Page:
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Receivership of construction companies

Protecting your property and getting paid

In light of Ebert Construction’s recent receivership, not taking protective measures opens subcontractors up to recovery and enforcement issues. If you are a subcontractor, you should think about how to prevent your tools and equipment (including cranes and scaffolding) from being seized and sold by a receiver, and to ensure you have the best chance of getting paid.

Protecting your tools and equipment

The first step to take is very practical. If you can, always take your tools and equipment home with you each night. When a construction company goes into receivership, the receivers lock the gates to the relevant construction sites which prevents you from collecting your tools and equipment.

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Second thoughts

What happens when your employee wants to retract their resignation?

We all know that people can sometimes say things in the heat of the moment which, on reflection, they didn’t really mean. What happens when your employee quits suddenly, perhaps by storming out of your workplace as a result of a disagreement? As an employer, can you take this as a resignation? What happens if your employee has a change of heart and wants to return to work?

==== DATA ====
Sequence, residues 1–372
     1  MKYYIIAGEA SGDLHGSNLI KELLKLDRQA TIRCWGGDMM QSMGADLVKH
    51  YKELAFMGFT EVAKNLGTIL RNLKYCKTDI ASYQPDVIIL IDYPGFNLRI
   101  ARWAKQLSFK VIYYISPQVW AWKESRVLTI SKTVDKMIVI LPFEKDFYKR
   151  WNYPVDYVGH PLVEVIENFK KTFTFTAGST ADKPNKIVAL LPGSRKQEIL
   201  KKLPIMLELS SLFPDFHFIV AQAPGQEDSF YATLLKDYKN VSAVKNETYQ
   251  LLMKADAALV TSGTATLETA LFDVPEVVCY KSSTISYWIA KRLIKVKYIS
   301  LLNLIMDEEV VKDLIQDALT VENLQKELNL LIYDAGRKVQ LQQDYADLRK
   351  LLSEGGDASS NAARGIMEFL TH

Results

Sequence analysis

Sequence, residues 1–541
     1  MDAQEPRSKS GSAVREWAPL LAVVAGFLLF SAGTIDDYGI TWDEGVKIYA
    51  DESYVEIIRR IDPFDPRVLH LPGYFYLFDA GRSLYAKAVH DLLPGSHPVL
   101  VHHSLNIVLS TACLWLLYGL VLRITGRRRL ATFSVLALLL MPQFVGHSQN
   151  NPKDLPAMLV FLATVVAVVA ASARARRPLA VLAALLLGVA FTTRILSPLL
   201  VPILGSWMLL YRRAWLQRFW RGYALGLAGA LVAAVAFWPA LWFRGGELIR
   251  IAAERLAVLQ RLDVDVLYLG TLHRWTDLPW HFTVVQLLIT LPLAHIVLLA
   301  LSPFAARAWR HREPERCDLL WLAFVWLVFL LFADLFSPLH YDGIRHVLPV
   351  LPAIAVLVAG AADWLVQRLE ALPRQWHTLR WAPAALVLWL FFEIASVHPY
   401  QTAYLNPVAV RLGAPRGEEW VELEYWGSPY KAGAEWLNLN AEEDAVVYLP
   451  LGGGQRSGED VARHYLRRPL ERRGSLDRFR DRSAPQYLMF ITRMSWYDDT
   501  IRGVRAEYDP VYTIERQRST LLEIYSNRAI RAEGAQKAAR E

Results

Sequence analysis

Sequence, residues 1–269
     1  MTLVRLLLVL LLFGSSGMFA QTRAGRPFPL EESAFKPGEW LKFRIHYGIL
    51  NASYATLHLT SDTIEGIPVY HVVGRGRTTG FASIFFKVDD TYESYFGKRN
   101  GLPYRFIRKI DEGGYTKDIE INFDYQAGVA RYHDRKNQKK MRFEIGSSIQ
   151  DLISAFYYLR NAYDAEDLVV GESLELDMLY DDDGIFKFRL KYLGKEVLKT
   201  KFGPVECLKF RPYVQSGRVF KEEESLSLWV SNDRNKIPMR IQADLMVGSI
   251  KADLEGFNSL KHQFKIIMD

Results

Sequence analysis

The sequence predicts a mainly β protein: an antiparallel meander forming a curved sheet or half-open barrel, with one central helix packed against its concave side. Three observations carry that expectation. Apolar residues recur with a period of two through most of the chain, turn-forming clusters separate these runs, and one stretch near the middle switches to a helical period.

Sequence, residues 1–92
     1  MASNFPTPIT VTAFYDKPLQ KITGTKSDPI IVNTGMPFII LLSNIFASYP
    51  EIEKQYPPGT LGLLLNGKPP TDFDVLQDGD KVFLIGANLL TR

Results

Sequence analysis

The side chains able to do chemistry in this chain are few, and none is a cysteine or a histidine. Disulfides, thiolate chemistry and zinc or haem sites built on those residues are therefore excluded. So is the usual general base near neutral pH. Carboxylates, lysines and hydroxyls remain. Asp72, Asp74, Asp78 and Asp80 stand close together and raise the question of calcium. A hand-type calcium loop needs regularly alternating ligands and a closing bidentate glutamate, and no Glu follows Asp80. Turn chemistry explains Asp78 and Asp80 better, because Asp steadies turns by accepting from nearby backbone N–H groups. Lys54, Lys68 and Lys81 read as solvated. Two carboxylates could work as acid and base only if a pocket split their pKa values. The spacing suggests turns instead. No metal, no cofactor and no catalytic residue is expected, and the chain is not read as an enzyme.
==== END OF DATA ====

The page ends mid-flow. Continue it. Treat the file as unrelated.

Most employment agreements will provide a notice period that any employee must give when they want to end their employment. This allows you some time to find a replacement and make arrangements for the handover of work.

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Questions you shouldn’t ask job applicants

An employment minefield

In the lead-up to the 2017 election, broadcaster Mark Richardson caused an uproar when he asked the then Leader of the Opposition, Jacinda Ardern, if she had plans to have children. The commonly-held view was that this question was outrageous. While a broadcaster has the liberty to ask a range of questions, an employer or potential employer cannot ask this.

Job interviews can be a challenge for both employers and applicants. There are varying opinions on the best way to interview applicants and which questions will help you ascertain if someone is the right fit for your workplace.

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How old do you have to be?

As lawyers, we’re often asked the legal age for a variety of things such as agreeing to medical treatment, making a will and so on. We thought it would be useful to pull together some of this information as a guide for the required ages in these situations.

The younger years

At the age of five, you can be enrolled in a state school, although, under a recent law change, a child can start school at the beginning of the term closest to their fifth birthday, if their school has a ‘cohort entry’ policy. Youngsters don’t actually have to start school until they’re six years old.